$1 million contribution satisfying for Pakeke

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When Gore Pakeke Lions Club treasurer David Stark announced to members the club had given away $1 million to community projects and individuals during its 30 years of existence, they felt a sense of pride and a great deal of satisfaction.
To qualify to be called a Pakeke the member has to be at least 55
years of age
The club has had to overcome some obstacles and pitfalls along the way, but it has become a strong and viable service club that puts into practice the Lions motto ‘‘We Serve’’ to the best of its ability.
After three failed attempts, the Gore Pakeke Club was finally formed from the Gore Host Club under the guiding influence of Keith Ashley, and received its charter on August 31, 1985.
To qualify to be called a Pakeke (there are numerous translations, but most prefer respected elder), each member has to be at least 55 years of age.
Once committees were established, the Gore Pakeke club launched into some of the suggested fundraising schemes.
Many of the projects instigated in the first decade had a winning formula and still play a major part in the club’s annual fundraising programme.
They include the annual book sale, which was first held in Latty’s (now Regional Ford) showrooms in 1986 and yielded $3500.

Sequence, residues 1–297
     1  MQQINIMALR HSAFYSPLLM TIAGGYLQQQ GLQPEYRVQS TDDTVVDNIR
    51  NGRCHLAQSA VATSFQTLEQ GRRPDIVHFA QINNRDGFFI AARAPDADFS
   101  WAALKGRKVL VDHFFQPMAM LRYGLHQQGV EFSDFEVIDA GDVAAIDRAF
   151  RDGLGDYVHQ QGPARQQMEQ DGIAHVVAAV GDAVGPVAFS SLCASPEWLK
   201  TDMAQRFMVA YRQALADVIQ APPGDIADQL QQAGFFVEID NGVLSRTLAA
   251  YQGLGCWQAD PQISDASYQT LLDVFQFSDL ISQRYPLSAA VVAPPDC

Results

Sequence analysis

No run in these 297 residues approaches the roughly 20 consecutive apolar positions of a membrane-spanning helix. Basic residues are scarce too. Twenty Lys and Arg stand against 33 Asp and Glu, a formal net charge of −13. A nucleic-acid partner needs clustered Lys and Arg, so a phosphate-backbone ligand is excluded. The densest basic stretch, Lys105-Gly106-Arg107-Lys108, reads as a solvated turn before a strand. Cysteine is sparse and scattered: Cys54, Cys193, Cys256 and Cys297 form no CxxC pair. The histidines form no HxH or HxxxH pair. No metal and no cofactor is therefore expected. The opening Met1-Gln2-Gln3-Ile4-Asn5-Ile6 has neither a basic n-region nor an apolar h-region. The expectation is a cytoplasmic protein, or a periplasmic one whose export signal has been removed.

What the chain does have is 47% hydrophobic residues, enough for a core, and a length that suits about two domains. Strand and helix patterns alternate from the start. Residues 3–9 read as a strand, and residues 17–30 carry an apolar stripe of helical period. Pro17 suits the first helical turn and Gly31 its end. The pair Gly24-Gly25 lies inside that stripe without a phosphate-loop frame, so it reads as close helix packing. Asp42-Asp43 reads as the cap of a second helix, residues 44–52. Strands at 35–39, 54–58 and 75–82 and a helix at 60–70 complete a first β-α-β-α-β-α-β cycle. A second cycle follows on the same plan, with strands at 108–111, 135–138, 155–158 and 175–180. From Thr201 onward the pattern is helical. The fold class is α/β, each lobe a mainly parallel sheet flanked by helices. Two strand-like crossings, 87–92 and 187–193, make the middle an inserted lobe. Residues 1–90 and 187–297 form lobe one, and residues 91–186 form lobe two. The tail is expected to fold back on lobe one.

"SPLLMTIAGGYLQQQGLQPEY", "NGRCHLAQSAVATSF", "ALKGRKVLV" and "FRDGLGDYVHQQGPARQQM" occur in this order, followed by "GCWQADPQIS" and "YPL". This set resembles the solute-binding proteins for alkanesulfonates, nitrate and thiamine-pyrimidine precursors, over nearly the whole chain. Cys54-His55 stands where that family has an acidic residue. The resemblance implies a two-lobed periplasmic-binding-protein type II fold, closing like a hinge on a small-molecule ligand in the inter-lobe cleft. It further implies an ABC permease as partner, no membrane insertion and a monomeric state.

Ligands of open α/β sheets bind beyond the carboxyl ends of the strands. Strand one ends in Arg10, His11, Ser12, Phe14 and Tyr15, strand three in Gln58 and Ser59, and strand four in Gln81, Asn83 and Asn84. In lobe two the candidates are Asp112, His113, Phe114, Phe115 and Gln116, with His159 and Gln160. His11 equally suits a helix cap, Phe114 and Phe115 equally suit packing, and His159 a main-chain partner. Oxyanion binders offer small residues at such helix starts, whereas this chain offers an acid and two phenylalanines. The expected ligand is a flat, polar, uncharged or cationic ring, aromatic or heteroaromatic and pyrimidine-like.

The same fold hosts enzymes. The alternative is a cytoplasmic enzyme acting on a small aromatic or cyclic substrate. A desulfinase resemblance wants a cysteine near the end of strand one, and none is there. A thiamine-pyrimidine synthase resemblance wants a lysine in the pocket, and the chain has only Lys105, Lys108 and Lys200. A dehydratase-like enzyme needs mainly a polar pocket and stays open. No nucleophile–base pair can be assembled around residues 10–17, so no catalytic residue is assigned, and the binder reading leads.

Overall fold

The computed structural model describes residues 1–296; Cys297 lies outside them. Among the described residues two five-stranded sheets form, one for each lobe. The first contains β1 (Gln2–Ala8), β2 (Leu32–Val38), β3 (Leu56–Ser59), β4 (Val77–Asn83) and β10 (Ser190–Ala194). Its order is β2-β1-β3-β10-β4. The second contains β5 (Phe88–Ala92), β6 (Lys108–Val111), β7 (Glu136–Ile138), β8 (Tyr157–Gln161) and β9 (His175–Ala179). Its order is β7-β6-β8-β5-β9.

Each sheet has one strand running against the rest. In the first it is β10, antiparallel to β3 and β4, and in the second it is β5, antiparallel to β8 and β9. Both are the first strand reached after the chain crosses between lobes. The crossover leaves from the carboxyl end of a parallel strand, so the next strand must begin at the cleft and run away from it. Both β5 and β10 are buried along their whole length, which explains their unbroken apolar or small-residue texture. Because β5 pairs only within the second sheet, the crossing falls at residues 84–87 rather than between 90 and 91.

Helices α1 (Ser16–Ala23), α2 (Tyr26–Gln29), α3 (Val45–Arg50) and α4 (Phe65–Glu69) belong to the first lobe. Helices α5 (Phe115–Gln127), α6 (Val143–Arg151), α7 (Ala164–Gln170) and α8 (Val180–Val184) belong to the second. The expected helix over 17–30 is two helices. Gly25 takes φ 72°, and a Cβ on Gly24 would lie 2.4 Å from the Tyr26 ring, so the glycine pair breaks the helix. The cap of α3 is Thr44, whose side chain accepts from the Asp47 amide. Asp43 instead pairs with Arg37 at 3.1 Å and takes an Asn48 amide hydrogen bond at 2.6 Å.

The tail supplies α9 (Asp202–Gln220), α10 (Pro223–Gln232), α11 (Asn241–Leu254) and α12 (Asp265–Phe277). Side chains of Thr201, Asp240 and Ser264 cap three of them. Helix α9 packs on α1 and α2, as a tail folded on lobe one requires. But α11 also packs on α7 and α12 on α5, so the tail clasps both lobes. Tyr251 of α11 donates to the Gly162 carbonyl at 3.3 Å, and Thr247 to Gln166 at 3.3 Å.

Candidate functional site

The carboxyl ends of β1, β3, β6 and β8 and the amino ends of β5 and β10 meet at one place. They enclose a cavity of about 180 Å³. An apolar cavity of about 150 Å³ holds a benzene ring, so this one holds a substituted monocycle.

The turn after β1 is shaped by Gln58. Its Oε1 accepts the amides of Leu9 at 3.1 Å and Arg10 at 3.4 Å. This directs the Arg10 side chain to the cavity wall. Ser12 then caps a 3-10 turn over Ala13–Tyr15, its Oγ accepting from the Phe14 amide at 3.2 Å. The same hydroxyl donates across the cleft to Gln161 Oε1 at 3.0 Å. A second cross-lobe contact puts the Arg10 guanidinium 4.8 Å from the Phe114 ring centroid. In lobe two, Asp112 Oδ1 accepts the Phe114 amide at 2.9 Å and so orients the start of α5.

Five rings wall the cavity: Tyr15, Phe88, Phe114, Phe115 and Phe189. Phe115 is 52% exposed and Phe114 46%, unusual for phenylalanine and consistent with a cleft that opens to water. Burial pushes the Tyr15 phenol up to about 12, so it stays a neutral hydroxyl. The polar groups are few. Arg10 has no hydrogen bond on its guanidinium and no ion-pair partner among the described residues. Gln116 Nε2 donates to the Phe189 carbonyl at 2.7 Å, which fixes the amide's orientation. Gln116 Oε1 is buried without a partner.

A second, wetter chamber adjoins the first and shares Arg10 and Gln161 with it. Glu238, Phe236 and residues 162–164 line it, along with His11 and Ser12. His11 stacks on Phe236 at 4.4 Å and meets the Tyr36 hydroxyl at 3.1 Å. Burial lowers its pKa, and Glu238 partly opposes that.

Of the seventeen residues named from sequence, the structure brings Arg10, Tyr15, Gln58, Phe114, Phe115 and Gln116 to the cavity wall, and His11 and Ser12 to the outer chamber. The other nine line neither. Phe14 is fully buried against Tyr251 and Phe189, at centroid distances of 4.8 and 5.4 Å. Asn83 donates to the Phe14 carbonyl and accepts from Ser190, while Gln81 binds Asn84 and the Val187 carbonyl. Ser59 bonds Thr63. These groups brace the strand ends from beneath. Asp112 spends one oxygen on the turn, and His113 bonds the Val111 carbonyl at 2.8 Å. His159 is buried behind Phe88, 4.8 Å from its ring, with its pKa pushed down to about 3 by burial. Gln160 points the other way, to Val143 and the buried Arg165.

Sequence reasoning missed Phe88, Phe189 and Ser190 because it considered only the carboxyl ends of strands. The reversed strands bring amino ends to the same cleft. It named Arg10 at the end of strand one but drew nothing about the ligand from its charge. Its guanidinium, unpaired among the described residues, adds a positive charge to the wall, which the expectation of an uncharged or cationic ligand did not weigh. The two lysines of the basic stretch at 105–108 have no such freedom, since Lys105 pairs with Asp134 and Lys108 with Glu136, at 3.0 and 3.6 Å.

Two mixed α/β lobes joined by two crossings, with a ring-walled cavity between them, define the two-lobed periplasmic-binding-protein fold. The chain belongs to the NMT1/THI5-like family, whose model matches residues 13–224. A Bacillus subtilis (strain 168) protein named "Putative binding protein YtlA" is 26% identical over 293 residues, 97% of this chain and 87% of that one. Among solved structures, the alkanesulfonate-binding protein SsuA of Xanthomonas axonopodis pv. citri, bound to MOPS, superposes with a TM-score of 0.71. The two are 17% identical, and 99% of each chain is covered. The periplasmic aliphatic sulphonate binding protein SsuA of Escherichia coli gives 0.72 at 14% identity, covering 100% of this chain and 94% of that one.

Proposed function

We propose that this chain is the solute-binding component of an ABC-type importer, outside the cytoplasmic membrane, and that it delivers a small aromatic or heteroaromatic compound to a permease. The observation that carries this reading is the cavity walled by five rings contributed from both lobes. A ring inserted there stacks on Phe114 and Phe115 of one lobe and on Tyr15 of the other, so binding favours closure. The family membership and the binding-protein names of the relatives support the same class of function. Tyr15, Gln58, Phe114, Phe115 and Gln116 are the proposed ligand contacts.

After using many venues, the club now has a satisfactory arrangement with the Gore Agricultural and Pastoral Association.
The Pakeke Lions man the gates on show days and in return the Hokonui Pavilion is available to use for the book sale.
The past two sales have yielded in excess of $20,000 and all club members are involved in running the event.
The manufacturing of walking sticks and walking poles in particular met with a ready market, supplying the trampers using the Milford Track.
The revenue from this project put the fledgling club on a sound footing and in its first few years had generated $100,000 in revenue.
The market for the poles has ceased but personalised walking sticks are still made by club members.
In the spring of 1992, Bulldust (an original name so as not to cause offence), which was cattle pad manure, was sold.
The trial to test the market in town was so good it is still a major fundraiser. The volume sold and profits made have increased every year since.
The Gore clocktower was built in 1991, with members of the club supplying 6500 hours of labour and construction and contributing $32,137 towards the cost of the project.
The club records show $500 was donated to the Save Gore Hospital Appeal.
— Contributed by club tail
twister Henry McFadzien